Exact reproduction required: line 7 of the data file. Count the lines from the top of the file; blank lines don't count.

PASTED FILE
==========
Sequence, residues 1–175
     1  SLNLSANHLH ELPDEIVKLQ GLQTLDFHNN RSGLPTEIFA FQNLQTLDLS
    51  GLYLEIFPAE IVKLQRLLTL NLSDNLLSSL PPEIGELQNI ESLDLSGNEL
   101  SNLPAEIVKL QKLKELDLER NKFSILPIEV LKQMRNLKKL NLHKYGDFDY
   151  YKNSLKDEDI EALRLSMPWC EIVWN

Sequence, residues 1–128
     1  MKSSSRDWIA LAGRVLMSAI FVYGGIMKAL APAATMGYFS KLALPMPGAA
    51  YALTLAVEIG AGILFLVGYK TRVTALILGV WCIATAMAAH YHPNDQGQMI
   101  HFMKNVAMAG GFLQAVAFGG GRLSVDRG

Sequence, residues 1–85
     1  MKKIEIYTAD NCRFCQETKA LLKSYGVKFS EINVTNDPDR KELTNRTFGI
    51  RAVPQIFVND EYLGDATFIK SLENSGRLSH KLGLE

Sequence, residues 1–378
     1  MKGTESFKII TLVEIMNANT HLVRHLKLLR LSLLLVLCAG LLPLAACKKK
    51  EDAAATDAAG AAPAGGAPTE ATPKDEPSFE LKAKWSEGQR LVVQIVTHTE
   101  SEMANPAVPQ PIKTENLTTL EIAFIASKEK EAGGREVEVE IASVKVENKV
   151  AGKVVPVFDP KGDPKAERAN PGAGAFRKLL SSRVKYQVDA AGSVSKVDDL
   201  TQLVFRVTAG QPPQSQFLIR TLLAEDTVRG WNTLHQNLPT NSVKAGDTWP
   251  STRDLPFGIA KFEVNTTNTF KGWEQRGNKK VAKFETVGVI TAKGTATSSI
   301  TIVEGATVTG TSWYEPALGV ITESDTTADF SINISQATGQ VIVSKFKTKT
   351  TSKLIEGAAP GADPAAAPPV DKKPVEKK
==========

     1  MKSSSRDWIA LAGRVLMSAI FVYGGIMKAL APAATMGYFS KLALPMPGAA